Voting has opened in the 2022 Students’ Association’s referendum on National Union of Students (NUS) affiliation.
A motion to hold a referendum on NUS membership passed at a Student Representative Council (SRC) meeting on 1 February 2022. The motion passed with 15 voting yes, 1 voting no, and 2 abstaining.
St Andrews maintains a long tradition of rejecting the NUS. In 1975 the University voted to disaffiliate, and in subsequent referendums in 2001 and 2012 rejected the chance to re-affiliate, whilst a referendum in 2015 was cancelled due to lack of interest. On this occasion students are faced with two questions. The first question regards joining NUS UK, whilst the second regards joining the NUS charity. Both are Yes/No questions.
NUS UK is a confederate association of around 600 students’ unions, representing, according to its website, around 7 million students. Around 95% of UK universities are currently represented by the NUS, but this does not include the students’ unions of Glasgow and Dundee, nor Imperial College London, Loughborough, and Southampton—among others.
The NUS charity, according to the Vote Yes to NUS campaign team, provides “support, learning and development to students’ associations to develop and grow so they can better represent you and influence change”. It also unites students’ associations “to strengthen the collective, and to champion St Andrews Union nationally.”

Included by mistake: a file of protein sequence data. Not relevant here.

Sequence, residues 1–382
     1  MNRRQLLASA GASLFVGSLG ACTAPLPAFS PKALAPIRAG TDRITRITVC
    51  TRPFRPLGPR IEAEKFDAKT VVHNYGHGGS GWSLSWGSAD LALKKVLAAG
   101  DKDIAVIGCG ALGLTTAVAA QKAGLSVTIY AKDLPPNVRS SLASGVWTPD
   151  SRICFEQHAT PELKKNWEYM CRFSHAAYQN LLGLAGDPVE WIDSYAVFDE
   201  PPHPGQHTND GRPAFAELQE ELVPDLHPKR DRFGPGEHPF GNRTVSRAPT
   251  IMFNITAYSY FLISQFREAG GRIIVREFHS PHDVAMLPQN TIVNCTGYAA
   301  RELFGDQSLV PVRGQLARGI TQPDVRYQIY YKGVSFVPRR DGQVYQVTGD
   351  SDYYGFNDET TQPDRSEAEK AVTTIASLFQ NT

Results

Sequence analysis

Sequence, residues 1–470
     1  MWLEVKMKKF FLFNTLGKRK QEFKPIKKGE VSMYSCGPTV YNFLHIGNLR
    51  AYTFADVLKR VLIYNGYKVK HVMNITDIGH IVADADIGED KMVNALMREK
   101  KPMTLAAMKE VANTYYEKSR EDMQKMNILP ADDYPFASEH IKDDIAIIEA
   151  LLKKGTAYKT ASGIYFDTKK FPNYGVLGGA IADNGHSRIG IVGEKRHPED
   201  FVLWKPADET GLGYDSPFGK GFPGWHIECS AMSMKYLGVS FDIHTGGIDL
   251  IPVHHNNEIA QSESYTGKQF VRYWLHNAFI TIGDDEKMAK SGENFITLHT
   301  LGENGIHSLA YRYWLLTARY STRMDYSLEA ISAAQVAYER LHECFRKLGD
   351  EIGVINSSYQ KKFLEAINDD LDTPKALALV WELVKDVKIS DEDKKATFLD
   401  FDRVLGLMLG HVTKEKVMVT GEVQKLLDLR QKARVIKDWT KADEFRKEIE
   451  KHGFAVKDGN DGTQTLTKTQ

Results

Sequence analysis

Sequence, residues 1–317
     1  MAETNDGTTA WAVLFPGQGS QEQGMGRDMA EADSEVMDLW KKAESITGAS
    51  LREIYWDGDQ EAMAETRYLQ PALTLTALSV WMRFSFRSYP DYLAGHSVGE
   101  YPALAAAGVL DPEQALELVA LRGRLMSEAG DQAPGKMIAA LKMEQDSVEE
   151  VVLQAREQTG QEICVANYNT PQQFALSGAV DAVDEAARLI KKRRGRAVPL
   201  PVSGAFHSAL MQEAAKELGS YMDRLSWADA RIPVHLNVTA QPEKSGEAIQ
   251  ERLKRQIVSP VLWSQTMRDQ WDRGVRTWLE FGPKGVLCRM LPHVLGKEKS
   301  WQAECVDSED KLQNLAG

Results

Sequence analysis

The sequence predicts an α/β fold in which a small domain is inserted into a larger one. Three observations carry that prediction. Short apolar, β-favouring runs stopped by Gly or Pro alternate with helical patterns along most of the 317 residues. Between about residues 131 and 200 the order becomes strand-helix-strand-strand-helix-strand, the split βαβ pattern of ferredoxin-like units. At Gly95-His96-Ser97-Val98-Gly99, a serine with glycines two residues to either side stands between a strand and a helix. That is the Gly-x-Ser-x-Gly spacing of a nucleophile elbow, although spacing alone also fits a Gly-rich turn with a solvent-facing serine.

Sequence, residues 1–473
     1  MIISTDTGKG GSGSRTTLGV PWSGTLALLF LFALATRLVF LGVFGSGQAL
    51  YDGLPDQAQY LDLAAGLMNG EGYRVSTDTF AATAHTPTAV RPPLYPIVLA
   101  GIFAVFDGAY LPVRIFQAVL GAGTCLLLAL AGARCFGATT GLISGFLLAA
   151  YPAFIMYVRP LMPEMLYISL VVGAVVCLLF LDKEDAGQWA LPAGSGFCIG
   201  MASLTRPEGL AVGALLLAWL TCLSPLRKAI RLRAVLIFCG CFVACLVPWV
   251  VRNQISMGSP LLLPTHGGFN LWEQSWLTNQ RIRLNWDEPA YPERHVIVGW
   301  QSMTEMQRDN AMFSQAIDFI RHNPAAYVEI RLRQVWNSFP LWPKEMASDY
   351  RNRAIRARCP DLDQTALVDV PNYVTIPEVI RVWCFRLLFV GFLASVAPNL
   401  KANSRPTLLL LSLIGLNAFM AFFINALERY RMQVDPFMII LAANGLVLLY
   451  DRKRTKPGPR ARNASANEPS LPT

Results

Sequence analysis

In 2010, then-President of the Student’s Association Andrew Keenan came out against NUS affiliation in a blog written in his capacity as President. He wrote that “We…don’t have too much faith in the effectiveness or democratic value of the NUS’s systems”, and claimed that the reason St Andrews rejected NUS affiliation in 2001 was because St Andrews had developed its own systems for campaigning for its students outside the NUS. He concluded:
“We’ve developed the capacity to work for our students on our own terms – and believe me, it works well for us. We’d rather constantly build upon the legacy we inherit from the previous generation of St Andrews students to create a strong, active and nationally well-regarded and respected student community – we’ve never needed outside help to do so, and that isn’t going to change any time soon.”
Current President Lottie Doherty points out that the student body has changed since past referendums. When asked why the SRC felt that now was the appropriate time to hold such a referendum, she said that:
“It’s been several years since the last NUS referendum and a lot has changed since then.
“We’ve got an entirely different student body and they deserve to have a say on how the Students’ Association works, including whether it affiliates to NUS or not.
“I think a big factor in the past decisions not to affiliate has been the financial cost of joining NUS—but affiliation fees have been lowered in recent years so the cost of joining may not have the negative impact people thought it would in previous years.”
The Vote Yes to NUS campaign team have echoed Ms Doherty’s statement. Their Facebook page claims that joining the NUS will reward the Union with benefits totalling far more than the £16,000 membership fee.